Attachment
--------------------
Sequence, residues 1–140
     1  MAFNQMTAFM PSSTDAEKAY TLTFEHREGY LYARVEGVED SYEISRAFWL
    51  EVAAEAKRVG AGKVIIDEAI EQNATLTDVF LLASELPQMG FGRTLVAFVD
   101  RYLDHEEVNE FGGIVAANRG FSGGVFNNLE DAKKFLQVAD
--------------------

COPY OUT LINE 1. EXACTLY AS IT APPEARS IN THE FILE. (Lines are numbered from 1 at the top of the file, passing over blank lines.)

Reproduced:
Sequence, residues 1–140